Lansium domesticum

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Lansium domesticum
Habit: treewp
Height:  ?
Origin:  ?
Exposure:  ?
Water:  ?
USDA Zones:  ?
Sunset Zones:
[[{{{domain}}}]] > [[{{{superregnum}}}]] > Plantae > [[{{{subregnum}}}]] > [[{{{superdivisio}}}]] > [[{{{superphylum}}}]] > Magnoliophyta > [[{{{phylum}}}]] > [[{{{subdivisio}}}]] > [[{{{subphylum}}}]] > [[{{{infraphylum}}}]] > [[{{{microphylum}}}]] > [[{{{nanophylum}}}]] > [[{{{superclassis}}}]] > Magnoliopsida > [[{{{subclassis}}}]] > [[{{{infraclassis}}}]] > [[{{{superordo}}}]] > Sapindales > [[{{{subordo}}}]] > [[{{{infraordo}}}]] > [[{{{superfamilia}}}]] > Meliaceae > [[{{{subfamilia}}}]] > [[{{{supertribus}}}]] > [[{{{tribus}}}]] > [[{{{subtribus}}}]] > Lansium {{{subgenus}}} {{{sectio}}} {{{series}}} domesticum {{{subspecies}}} var. {{{cultivar}}}

Standard Cyclopedia of Horticulture
Fruit of the Lansium domesticum.

Lansium domesticum, Jack. Langsat. Lansa. Lanseh. Lanzon. Ayer Ayer. A medium-sized, rather slender tree, native of the Malayan Archipelago: lvs. with 3 or more pairs of elliptical to obovate, alternate, shortly petiolulate lfts., about 4-6 in. long and 2-3 in. broad: fr. globose or ovate, 1-1 1/2 in. long, calyx persistent, the sepals small, dry, brownish; seeds 1 or 2 developed, remainder usually aborted, of variable size, oval; testa membranous. —The langsat is frequently seen in the markets of Manila, Canton, Singapore, Penang, and other cities in that part of the world. The round to oval frs. are borne in clusters, and are not unlike loquats in general appearance, except that the color is a dull straw or brownish yellow, and the thick leathery skin, which does not adhere to the flesh, is pubescent on the surface. The flesh separates into 5 or less distinct segms. like those of an orange, and is white, translucent, very juicy, and of a subacid pungent flavor, sometimes tasting slightly of turpentine, especially if the thin membrane which surrounds the segms. gets into the mouth. It is eaten fresh or prepared in various ways. Ward wrote that the langsat "is by many reckoned the finest fruit in the peninsula. The month of July is the season at Malacca when it is had in the greatest perfection." Its season extends to Sept. A variety known as "duku" or "doekoe" is larger than the type, and considered much the better of the two. Both the duku and the langsat are commonly planted in gardens, and spring up along the roadsides. They have recently been planted in S. Fla. and the W. Indies. The duku is produced in smaller clusters than the langsat, and is spherical in form, varying from 1-2 in. diam. The skin is about 1/8 in. thick, leathery, dull brownish yellow in color, covered with a thick grayish pubescence. The flavor is very pleasant and refreshing, scarcely comparable to that of any temperate fr. The seeds retain their vitality for some time, if not allowed to become too dry, and germinate readily when planted in light, loamy soil. Seed prop, is the only method known to be employed in Malaya.CH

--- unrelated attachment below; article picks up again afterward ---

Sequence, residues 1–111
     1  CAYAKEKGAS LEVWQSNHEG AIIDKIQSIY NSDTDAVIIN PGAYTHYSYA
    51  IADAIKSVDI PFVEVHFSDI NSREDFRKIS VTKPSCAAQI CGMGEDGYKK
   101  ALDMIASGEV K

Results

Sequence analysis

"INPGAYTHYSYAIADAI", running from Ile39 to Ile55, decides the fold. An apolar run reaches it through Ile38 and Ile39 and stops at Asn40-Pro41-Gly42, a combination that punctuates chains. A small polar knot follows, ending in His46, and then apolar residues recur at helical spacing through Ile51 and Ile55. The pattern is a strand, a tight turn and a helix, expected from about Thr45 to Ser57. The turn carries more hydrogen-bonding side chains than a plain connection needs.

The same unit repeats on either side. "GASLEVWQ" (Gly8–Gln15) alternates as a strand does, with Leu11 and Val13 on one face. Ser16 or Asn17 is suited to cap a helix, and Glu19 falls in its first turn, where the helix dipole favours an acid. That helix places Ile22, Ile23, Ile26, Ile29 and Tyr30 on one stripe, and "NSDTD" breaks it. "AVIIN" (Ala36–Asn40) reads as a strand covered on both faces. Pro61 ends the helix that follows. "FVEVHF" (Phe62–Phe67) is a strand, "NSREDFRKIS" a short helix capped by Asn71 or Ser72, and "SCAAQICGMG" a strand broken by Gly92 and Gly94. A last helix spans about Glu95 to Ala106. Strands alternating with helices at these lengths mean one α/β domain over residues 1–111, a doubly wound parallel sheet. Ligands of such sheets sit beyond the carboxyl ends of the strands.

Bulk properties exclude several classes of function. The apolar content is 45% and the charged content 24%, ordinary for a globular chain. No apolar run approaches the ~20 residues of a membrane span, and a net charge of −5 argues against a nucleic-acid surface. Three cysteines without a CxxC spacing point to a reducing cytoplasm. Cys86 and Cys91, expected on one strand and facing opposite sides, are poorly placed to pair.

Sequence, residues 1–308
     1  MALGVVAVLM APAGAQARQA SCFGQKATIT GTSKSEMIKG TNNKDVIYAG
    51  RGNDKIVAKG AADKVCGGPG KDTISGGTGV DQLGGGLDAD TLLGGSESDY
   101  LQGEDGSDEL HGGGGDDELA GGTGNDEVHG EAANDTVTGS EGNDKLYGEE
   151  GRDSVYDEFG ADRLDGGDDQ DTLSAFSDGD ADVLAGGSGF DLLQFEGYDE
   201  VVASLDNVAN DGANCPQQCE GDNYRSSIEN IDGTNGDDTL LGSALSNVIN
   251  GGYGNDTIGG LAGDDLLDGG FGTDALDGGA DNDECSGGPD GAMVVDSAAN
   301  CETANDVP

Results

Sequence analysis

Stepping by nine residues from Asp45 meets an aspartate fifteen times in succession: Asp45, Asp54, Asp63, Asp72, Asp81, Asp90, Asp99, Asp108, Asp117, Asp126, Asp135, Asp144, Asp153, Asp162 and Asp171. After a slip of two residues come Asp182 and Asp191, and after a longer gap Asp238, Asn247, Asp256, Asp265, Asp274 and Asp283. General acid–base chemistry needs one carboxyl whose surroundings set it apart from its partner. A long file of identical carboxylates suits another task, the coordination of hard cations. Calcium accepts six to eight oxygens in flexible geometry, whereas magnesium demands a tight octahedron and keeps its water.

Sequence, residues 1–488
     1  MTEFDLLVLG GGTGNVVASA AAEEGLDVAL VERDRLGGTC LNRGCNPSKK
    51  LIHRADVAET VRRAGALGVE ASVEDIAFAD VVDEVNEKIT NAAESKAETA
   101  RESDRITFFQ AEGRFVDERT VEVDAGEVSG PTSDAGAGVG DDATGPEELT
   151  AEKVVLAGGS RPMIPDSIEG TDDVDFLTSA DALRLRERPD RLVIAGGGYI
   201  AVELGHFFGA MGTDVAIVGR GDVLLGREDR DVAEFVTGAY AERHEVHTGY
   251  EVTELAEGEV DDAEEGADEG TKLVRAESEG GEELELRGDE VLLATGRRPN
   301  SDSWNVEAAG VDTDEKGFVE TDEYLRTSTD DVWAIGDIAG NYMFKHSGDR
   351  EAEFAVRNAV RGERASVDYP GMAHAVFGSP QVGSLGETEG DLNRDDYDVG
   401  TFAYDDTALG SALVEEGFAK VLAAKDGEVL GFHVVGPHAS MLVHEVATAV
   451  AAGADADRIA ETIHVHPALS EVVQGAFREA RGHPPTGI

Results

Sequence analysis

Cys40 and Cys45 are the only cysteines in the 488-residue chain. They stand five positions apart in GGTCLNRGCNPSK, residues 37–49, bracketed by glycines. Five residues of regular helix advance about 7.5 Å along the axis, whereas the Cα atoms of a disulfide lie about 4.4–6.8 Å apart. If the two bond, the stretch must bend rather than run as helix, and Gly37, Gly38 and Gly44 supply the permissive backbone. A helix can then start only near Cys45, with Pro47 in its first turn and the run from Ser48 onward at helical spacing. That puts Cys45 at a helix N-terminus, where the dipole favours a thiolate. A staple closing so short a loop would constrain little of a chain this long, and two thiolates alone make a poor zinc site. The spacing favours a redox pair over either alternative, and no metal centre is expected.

The above text is from the Standard Cyclopedia of Horticulture. It may be out of date, but still contains valuable and interesting information which can be incorporated into the remainder of the article. Click on "Collapse" in the header to hide this text.


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